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The Heartbreak of Kidney Failure  


kidney failure in Siamese in blue point Siamese cat purebred show cat

Minnie Blue Point Siamese


Kidney failure can begin with little warning, as we discovered. By 5:00 a.m. on the 10th, I knew there was something wrong with our 11-year-old blue point Siamese, Minnie.  She was visiting the litter box every 10 minutes.  I brought water to her, which she drank, but still back to the litter box. 


I woke my husband informing him of the situation. He needed to get her to the vet as soon as possible. Minnie’s normal weight was 6 lbs., the fear is rapid dehydration. 


Left for work hoping for the best. Urinary infection? With antibiotics and fluids, she could return home in a few hours. This was my husband’s favorite cat and worse yet, it was his birthday.


The heart wrenching drama unfolds as we faced a decision to do everything or let nature take its course. The prognosis was not good. Her best chance was to go to night emergency care. They could give her fluids and drugs as needed. 


We took her to the emergency care at night. My husband picked her up in the morning, taking her back to our vet’s for the day. She refused to eat for either place. We bought baby food, feeding her on morning and night pickups. 


The last time we saw her alive was evening of the 12th. Time spent in the emergency patient waiting room for transfer check-up was promising. She ate more that night. Walked back and forth between us on the floor. Minnie purred and purred. Her way of letting us know everything will be okay.


A good last memory. 


She died the next day. Went into cardiac arrest, they gave her CPR and drugs. Unable to revive her.


The decision to do everything possible, if there’s a next time.

Maybe. Number one, it depends on the age and temperament of the cat. Number two, the daily progress. With today’s knowledge, I would have taken Minnie home on the 12th. Of course, easy to speculate knowing that she died without me being there.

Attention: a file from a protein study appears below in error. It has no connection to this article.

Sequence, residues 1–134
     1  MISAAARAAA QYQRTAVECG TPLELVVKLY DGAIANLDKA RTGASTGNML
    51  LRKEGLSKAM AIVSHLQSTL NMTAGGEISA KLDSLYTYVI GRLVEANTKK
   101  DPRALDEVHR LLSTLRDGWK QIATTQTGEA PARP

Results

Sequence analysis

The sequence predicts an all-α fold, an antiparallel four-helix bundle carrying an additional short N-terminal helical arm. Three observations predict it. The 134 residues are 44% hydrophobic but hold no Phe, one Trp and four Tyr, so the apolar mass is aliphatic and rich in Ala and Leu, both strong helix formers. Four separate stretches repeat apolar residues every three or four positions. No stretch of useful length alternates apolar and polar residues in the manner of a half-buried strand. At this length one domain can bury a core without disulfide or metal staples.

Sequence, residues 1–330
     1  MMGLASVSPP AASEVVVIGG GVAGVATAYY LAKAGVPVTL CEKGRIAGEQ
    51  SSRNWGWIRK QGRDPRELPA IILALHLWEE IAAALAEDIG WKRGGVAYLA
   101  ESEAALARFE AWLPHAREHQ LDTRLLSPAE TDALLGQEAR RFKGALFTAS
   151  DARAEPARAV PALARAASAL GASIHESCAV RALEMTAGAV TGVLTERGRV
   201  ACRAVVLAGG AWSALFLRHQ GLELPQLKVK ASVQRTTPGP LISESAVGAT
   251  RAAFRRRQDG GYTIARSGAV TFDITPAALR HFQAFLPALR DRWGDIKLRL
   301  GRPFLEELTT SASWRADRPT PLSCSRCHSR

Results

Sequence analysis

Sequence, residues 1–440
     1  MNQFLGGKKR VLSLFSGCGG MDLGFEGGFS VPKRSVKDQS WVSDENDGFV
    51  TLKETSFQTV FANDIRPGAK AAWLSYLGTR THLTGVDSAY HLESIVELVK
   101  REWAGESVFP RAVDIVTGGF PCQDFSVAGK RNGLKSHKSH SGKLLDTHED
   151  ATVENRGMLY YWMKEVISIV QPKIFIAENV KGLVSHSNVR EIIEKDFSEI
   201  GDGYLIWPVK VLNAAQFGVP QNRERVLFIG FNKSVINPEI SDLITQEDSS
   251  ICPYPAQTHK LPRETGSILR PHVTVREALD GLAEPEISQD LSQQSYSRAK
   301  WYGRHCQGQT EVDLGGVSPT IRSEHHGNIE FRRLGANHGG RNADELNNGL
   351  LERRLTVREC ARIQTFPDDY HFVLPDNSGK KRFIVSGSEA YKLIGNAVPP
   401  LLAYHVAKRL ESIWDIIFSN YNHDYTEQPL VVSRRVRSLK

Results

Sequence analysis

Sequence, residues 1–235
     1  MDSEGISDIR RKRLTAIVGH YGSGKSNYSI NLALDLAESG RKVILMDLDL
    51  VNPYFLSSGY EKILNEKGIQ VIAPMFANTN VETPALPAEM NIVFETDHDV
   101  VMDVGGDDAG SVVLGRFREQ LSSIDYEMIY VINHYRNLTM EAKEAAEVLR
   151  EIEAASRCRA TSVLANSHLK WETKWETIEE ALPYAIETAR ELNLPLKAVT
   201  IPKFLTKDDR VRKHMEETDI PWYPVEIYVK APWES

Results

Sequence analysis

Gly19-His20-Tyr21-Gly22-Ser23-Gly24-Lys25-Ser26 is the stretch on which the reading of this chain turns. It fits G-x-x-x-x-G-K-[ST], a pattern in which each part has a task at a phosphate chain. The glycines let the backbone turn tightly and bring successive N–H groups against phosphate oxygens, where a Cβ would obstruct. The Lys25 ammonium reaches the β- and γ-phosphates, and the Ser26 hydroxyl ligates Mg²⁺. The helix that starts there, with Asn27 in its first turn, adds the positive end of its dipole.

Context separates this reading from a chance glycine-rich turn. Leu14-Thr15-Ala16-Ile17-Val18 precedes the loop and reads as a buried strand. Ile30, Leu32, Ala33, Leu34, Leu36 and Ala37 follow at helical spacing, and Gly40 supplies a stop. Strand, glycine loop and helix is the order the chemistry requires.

Important facts I learned.

They have to have fluids and they need to eat. Those both lower their internal temperature, which causes stress on the kidneys. They can administer fluids and drugs, but at some point, they either improve or don’t make it. 


The doctors’ comments from the 4 days of care revealed interesting facts. Today, if faced with a crisis again, I will pay close attention to the numbers.


On the morning of the 10th, Minnie weighed 4.5 lbs. Vitals at the emergency recorded her numbers on the evening of the 10th as temperature 98.7, pulse 190, respiration rate 36, weight 4.75 lbs.


On the evening of the 11th, temp. 98.4, pulse 232, respiration rate 32, weight 4 lbs 10 oz.  Her weight was up as she ate most of the jar of baby food.


On the evening of the 12th, temp. 97.6, pulse 200, respiration rate 28, weight 4.5 lbs.


According to VCA: The normal body temperature range for cats is between 100.5°F and 102.5°F (38.1°C and 39.2°C). A cat’s normal heart rate tends to range from 140 to 220 beats a minute. The more relaxed your cat is, the more likely he will be on the lower range of that scale. Cats, with or without heart disease, have a breathing rate of between 15-30 breaths every minute. Lower rates are even possible and are no cause for concern as long as your pet is otherwise healthy.


The vitals are relevant. They can help determine if a cat is improving or declining. With knowledge, you can make wise decisions in your cat’s health. If faced with such tragedy. Talk with your vet to decide when to continue with care or when to stop treatment. With this information, we can see that her body temperature was dropping and of course she was below her normal weight. Her pulse rate fluctuated and her respiration rate dropped. What stood out to me was her body temperature. I don’t know if keeping her warmer could have helped and could it even be done was a big unknown. Going forward is to understand what causes kidney failure and can we do something everyday to make a difference so our little ones don’t fall victim to this kind of tragedy.




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